"Four cell embryo" by Nina Sesina / CC BY-SA 4.0

Chinese gene-editing scientist defends his research, raises possibility of third baby

Dec 3, 2018

By Helen Regan, Rebecca Wright, and Alexandra Field

The Chinese scientist who sparked an international outcry after alleging to have helped create the world’s first genetically edited babies has raised the possibility of a third child being born, after announcing that a separate woman was pregnant at an early stage with a modified embryo.

Speaking in front of a packed hall of about 700 people Wednesday at the Second International Summit on Human Genome Editing, He Jiankui publicly defended his work, saying he felt “proud” of his achievement.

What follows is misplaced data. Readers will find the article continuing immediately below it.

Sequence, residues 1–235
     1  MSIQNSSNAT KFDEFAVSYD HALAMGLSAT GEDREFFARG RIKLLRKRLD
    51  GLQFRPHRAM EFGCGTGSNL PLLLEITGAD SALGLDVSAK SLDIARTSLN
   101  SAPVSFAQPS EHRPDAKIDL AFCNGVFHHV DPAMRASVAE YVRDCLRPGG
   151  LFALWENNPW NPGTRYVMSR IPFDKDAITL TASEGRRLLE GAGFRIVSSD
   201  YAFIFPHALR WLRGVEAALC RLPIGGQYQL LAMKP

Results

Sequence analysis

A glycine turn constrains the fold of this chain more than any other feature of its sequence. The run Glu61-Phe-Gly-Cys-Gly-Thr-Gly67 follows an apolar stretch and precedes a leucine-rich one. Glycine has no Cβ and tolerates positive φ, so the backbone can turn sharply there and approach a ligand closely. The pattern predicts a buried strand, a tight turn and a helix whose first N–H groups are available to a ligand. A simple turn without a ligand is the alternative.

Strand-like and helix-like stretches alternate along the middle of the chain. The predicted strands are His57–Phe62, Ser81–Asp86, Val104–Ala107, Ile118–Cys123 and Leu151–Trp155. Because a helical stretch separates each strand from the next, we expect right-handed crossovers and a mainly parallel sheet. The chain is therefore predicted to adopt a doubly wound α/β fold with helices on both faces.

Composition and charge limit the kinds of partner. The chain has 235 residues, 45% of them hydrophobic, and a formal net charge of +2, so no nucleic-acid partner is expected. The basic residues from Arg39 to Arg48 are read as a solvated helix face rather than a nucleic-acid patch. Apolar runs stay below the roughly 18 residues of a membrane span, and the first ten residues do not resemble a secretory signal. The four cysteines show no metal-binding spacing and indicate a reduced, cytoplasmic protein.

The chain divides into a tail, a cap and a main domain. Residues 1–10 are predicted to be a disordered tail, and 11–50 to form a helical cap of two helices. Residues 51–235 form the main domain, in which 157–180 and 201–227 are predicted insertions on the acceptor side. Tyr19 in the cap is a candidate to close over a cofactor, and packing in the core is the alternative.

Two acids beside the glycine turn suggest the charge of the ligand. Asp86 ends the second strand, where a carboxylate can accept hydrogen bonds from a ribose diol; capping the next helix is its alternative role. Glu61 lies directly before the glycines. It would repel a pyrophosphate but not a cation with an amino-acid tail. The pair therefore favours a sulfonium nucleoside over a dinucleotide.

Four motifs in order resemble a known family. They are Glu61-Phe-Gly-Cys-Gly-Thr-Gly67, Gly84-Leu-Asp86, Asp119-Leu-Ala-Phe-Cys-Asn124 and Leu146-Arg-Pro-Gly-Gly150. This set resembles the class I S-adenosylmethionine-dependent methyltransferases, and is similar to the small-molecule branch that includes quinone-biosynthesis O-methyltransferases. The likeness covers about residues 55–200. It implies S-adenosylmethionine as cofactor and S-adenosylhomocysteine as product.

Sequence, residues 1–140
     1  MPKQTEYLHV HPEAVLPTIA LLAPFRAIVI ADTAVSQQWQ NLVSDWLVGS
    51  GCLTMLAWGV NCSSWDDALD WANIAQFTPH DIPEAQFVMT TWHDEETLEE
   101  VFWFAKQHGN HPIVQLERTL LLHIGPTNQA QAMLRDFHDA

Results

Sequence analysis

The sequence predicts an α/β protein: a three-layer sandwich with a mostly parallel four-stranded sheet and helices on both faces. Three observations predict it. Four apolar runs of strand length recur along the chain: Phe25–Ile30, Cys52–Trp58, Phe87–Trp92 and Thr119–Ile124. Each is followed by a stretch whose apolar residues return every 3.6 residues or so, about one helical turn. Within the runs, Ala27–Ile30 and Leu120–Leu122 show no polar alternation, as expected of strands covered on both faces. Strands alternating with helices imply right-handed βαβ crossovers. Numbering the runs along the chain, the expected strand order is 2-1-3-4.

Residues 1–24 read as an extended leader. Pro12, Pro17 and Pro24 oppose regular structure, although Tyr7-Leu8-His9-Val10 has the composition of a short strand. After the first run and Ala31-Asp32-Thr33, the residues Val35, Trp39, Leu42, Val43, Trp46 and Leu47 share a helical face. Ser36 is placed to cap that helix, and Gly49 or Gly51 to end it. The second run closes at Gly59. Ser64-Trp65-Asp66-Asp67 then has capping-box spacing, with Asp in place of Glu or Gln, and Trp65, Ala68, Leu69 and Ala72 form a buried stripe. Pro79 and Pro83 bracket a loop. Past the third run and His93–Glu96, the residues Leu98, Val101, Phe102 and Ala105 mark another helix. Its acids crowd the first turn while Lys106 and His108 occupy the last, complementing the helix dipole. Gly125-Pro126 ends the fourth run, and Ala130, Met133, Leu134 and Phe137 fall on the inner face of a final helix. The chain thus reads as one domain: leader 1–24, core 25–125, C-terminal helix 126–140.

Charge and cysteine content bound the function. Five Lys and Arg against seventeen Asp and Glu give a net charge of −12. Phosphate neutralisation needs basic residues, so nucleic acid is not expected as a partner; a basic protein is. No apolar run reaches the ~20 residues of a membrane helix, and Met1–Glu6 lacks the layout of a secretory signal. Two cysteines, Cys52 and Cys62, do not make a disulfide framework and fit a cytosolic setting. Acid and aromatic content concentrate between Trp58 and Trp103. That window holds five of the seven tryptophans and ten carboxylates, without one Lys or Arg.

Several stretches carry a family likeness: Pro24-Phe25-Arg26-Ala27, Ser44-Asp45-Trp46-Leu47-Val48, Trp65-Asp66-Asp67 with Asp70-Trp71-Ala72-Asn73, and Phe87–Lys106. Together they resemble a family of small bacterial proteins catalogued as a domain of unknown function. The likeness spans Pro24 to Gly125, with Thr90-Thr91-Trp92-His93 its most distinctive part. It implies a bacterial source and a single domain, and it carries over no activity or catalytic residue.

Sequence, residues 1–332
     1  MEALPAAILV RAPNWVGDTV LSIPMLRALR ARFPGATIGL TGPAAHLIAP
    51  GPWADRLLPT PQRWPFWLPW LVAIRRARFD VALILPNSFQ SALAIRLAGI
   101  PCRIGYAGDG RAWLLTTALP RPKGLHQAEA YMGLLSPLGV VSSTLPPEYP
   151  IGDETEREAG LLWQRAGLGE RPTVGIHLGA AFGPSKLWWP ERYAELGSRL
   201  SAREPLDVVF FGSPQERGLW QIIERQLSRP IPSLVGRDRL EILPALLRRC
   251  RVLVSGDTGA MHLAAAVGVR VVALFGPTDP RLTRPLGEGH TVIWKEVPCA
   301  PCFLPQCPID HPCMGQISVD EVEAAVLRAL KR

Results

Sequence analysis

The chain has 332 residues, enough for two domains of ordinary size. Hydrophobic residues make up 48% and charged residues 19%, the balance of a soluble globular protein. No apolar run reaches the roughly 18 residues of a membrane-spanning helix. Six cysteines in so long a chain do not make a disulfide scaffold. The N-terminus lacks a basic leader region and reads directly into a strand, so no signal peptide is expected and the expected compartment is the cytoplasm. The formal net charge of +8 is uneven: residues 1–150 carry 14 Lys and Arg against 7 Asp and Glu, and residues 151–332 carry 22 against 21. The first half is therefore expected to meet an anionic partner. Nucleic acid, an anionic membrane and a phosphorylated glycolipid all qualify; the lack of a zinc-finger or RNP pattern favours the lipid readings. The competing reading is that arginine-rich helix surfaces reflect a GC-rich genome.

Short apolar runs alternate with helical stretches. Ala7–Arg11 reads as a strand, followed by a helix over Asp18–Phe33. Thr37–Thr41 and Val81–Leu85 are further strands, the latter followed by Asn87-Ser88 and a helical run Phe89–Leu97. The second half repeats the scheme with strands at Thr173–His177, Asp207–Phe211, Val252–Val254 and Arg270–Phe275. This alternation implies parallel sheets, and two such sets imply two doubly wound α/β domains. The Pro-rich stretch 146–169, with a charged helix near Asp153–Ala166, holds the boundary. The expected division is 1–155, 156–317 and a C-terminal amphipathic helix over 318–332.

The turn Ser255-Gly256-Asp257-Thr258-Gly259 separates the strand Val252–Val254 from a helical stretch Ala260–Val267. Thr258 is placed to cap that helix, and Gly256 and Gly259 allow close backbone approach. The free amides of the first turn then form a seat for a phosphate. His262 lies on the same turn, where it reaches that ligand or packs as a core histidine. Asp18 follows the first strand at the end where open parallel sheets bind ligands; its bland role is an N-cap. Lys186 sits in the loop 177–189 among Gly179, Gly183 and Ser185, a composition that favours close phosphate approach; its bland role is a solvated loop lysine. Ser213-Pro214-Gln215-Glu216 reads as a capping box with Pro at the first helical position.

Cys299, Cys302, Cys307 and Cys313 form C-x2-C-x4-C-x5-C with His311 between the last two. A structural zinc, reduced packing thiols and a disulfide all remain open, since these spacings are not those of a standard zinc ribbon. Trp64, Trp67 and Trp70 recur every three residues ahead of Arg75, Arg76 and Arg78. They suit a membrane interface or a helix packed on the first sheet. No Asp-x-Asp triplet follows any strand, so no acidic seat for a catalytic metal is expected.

He, an associate professor at the Southern University of Science and Technology in Shenzhen, sent shock waves through the scientific community on Monday when he announced in a video online that two ostensibly healthy twin girls had been born this month from embryos altered to make them resistant to HIV.

“For this specific case, I feel proud. I feel proudest, because they had lost hope for life,” He said Wednesday of the parents of the twins, the father of whom is believed to carry HIV. “But with this protection, [the father] sent a message saying he will work hard, earn money and take care of his two daughters and his wife.”

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